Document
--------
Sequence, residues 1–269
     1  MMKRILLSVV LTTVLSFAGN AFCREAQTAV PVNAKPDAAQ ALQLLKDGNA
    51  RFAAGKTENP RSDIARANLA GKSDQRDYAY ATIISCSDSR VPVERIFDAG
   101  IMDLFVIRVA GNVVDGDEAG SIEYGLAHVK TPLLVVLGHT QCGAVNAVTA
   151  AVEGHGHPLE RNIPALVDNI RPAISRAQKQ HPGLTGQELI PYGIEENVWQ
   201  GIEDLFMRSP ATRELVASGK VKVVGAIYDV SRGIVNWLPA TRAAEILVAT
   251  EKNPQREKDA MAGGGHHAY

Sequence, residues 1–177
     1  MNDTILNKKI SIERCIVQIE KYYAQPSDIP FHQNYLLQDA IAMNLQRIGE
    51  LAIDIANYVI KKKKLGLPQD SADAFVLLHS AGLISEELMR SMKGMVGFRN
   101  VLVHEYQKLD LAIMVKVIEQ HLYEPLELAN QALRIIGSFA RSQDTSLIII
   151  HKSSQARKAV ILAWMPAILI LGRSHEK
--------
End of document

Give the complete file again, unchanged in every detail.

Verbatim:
Sequence, residues 1–269
     1  MMKRILLSVV LTTVLSFAGN AFCREAQTAV PVNAKPDAAQ ALQLLKDGNA
    51  RFAAGKTENP RSDIARANLA GKSDQRDYAY ATIISCSDSR VPVERIFDAG
   101  IMDLFVIRVA GNVVDGDEAG SIEYGLAHVK TPLLVVLGHT QCGAVNAVTA
   151  AVEGHGHPLE RNIPALVDNI RPAISRAQKQ HPGLTGQELI PYGIEENVWQ
   201  GIEDLFMRSP ATRELVASGK VKVVGAIYDV SRGIVNWLPA TRAAEILVAT
   251  EKNPQREKDA MAGGGHHAY

Sequence, residues 1–177
     1  MNDTILNKKI SIERCIVQIE KYYAQPSDIP FHQNYLLQDA IAMNLQRIGE
    51  LAIDIANYVI KKKKLGLPQD SADAFVLLHS AGLISEELMR SMKGMVGFRN
   101  VLVHEYQKLD LAIMVKVIEQ HLYEPLELAN QALRIIGSFA RSQDTSLIII
   151  HKSSQARKAV ILAWMPAILI LGRSHEK